“I have always had a thing for contrast and I still have.” Says Mr. Waltz, who explains how it helped him better understand and appreciate the mid tones. This led him to a much more subtle way of processing, where heavy handed image editing was phased out in favor of a more incremental, tactical approach.
For Mr. Ruiz, it all starts with seeing light — and that it means a lot to his personal style of art. “Light was a big factor in what made my black and white photographs evolve over time, “ describes Ruiz. “I didn’t quite know how to see the light at first but once it clicked, I studied it and shot for about a year practicing and finding my way.”
Each of these notable black and white street photographers has had an evolution in their style. This was driven not by popular trends or opinions, but by their own personal tastes and preferences. For each of them, finding that unique personal formula was a key to their black and white work getting noticed.
Getting Better Isn’t Black and White
“I have learned to do my thing and not try to please others. If you do your thing in photography chances are others will like it too,” said Mr. Goodden. His focus was on being true to his vision and not paying heed to the opinions of colleagues and pundits. This is a sentiment often spoken, but not often headed in photography–and just as with color imagery, it applies to black and white.
Mr. Waltz shares Henri Cartier Bresson’s sentiment that all things are a matter of luck. “I think my failure rate is about 95%, which means 95% of my shots are crap,” Mr. Waltz bluntly puts it as he describes learning to accept failure in order to create quality images, “Yet I need to shoot the crap to get halfway acceptable 5%.” Shooting the ‘crap’, as Mr Waltz puts it, is essential to being able to see a good black and white image when you take one. Many photographers focus on their best images, but a trick to growing is being able to see your bad images and know what is wrong with them. This will help to improve street vision, and knowing a good scene from a bad one without ever taking the shot.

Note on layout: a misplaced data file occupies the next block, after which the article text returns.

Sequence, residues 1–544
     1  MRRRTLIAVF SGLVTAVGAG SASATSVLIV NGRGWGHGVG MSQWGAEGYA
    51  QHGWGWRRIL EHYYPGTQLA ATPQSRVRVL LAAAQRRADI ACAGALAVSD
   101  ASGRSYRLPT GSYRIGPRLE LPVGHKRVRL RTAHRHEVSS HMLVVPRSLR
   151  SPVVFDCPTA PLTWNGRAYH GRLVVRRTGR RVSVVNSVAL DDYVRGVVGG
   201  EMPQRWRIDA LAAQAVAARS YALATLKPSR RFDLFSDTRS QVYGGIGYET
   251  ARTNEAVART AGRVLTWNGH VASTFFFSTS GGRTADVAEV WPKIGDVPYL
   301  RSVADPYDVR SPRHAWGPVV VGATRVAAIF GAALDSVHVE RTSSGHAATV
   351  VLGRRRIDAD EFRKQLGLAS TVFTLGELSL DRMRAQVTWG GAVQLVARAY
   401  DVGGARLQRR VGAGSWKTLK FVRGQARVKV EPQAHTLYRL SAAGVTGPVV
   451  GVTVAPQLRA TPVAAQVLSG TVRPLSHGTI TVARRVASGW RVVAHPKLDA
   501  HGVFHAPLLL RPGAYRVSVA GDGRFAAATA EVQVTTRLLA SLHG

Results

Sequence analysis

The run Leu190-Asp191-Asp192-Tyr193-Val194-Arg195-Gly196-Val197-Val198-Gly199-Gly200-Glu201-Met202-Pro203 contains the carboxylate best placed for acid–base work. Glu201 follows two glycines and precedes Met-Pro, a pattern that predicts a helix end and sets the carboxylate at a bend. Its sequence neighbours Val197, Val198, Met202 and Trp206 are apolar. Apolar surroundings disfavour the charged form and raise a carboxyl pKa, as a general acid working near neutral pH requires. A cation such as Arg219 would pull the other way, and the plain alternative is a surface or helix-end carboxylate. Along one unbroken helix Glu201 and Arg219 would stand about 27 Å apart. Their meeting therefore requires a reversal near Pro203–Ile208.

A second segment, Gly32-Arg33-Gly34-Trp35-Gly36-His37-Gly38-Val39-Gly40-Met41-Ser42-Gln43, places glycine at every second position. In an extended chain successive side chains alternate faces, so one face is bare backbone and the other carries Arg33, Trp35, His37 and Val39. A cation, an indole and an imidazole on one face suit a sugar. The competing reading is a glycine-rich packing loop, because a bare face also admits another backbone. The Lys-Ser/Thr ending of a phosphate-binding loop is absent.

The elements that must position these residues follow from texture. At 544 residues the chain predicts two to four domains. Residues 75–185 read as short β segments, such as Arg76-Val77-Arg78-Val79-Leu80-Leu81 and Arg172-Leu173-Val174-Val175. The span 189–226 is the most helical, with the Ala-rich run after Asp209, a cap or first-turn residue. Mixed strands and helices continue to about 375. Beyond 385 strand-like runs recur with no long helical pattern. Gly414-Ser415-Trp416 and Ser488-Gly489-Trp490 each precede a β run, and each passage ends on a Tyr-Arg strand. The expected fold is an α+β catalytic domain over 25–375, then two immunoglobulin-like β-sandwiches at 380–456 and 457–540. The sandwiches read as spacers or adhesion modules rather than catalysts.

Despite this, it is also essential to keep an open mind, being adaptive to situations, and constantly looking for all good moments — not just the ones pre-visualized before heading out,
“The more I shoot the more I feel that being fluid and receptive is key,” Mr. Jones explained, “Sometimes you may have an idea of what you want, but I think the most rewarding street work can be unplanned and completely off the cuff.”
Black and White photography has a magic all its own. It has the ability to create strong focus and stir up emotions. Each of these photographers, while displaying varying styles and preferences, all found their inspiration and growth within common veins.
Black and white still has a place in photography, because it’s hard to see the message through the tangle of this world’s bright colors. Its popularity in street photography could be attributed to that fact – that in the jumble of busy city streets focusing on the light, and removing the color, brings clarity to our modern chaos.